OPERA: Organic Particle Export, Remineralization and Advection in the North Atlantic mesopelagic layer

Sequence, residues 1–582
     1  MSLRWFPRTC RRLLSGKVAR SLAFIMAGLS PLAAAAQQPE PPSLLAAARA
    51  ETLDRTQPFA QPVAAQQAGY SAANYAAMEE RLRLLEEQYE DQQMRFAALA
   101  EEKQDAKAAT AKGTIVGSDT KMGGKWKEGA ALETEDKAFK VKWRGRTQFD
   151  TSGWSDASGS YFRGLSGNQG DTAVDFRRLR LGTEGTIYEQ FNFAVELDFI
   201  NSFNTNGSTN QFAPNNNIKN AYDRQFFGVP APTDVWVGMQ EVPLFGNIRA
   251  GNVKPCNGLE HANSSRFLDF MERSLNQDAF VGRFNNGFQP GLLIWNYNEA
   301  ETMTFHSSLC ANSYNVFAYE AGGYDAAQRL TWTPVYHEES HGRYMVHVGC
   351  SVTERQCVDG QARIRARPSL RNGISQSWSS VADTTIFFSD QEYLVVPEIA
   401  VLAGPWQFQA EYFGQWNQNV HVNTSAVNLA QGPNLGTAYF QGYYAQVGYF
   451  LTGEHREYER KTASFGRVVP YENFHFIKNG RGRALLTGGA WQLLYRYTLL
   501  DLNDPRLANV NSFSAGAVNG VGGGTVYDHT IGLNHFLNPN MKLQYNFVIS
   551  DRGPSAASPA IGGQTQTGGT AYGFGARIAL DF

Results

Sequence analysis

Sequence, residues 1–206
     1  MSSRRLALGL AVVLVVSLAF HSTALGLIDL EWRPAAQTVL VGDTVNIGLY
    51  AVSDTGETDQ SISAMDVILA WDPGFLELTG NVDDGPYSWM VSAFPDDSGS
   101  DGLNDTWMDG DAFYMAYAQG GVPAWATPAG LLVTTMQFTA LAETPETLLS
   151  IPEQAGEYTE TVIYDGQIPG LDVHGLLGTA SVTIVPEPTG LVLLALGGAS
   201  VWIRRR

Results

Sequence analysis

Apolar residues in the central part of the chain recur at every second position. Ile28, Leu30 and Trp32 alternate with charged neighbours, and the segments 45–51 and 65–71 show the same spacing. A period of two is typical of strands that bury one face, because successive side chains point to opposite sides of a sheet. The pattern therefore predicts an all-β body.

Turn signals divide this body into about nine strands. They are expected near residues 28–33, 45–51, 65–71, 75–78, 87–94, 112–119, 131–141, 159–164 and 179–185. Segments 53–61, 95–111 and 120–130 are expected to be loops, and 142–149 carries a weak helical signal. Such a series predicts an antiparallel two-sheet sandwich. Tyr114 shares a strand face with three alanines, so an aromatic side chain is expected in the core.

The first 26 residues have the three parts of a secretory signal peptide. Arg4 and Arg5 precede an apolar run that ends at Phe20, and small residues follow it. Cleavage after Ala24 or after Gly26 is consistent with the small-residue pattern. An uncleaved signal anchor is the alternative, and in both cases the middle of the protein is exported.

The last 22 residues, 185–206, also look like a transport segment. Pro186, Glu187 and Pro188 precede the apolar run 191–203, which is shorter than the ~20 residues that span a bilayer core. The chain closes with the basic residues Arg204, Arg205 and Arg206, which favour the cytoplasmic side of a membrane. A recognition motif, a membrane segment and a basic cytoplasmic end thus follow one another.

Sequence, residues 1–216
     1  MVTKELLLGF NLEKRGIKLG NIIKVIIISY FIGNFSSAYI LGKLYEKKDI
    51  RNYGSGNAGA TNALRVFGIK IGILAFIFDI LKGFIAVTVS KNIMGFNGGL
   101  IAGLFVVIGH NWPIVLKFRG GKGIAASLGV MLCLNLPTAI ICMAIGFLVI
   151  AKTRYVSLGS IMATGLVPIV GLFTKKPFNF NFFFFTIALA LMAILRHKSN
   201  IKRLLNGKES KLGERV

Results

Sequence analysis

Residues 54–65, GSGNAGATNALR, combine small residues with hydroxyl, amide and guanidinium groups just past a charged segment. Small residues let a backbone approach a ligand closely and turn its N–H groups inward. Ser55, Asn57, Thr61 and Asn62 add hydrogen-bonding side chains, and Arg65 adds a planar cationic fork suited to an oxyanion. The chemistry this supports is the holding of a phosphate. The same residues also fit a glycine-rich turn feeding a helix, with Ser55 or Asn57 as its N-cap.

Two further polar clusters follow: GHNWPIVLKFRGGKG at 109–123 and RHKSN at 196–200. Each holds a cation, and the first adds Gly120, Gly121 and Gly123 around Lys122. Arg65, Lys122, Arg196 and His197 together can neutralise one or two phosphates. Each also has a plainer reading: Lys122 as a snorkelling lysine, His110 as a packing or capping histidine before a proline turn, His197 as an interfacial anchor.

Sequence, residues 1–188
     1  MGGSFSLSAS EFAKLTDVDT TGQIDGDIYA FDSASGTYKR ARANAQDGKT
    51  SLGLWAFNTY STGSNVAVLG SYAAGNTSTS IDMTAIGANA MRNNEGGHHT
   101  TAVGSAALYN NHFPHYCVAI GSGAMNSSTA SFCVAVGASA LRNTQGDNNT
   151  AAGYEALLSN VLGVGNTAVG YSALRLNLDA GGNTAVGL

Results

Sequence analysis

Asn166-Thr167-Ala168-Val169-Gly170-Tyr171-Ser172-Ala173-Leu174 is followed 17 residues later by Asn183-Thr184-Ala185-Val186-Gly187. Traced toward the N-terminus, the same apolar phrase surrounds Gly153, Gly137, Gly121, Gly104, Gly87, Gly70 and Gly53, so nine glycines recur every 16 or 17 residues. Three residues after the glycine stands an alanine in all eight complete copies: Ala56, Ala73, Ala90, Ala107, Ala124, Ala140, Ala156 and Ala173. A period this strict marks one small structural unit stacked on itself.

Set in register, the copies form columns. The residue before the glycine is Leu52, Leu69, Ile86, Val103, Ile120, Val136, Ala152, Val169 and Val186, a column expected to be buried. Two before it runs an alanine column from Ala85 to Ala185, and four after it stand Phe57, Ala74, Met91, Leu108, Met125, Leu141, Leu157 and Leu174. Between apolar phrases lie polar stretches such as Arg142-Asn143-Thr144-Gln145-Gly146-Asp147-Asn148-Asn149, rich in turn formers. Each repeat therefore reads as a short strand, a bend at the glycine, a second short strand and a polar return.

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Mesopelagic ocean, biogeochemistry, climate, carbon, plankton, particles, respiration, advection, model, Argo The mesopelagic layer of the oceans, also known as the Twilight Zone, extends between ~200 and 1000 m depth and is one of the vastest contiguous ecosystems on Earth. It plays a pivotal role in global biogeochemical cycles and climate, and hosts a massive biomass of zooplankton and small fish. However, scientific understanding and predictive capacity of biogeochemical processes in the mesopelagic zone are still in their infancy, primarily as a consequence of the dearth of observations. Mesopelagic functioning depends on the biological transformation and physical transport of organic matter produced mostly in the overlying sunlit layer of the ocean. So far, attempts to balance mesopelagic carbon budgets have failed as estimates of organic carbonconsumption generally exceed inputs, sometimes by an order of magnitude or more. Poor observation estimates of particle transformations and fluxes, especially those associated with small slow-sinking and suspended particles (with size ranging 1-50 ¼m), stands out among the commonly invoked explanations for the mesopelagic carbon budget imbalance. Particle transformations and transports occur in a wide range of spatio-temporal scales that are technically impossible to fully observe. In this context, ocean biogeochemistry models informed by the available observations are the best tool at hand to gain detailed understanding of mesopelagic carbon budgets.Advances in observation of ocean particles with autonomous robots (biogeochemical Argo floats) and recent developments in the representation of small detrital particles in a state-of-the-art ocean biogeochemistry model PISCESv2 now enable comprehensiveestimates of mesopelagic particulate organic carbon (POC) cycling pathways. The aim of the OPERA project is to quantify mesopelagic POC budgets and constrain their sources of uncertainty. By exploiting synergies between observations and models, we will tackle the poorly understood biogeochemical cycling and advective transport of small particles in the North Atlantic, a region that features wide latitudinal, seasonal and interannual variations in ocean dynamics. The relatively abundant observations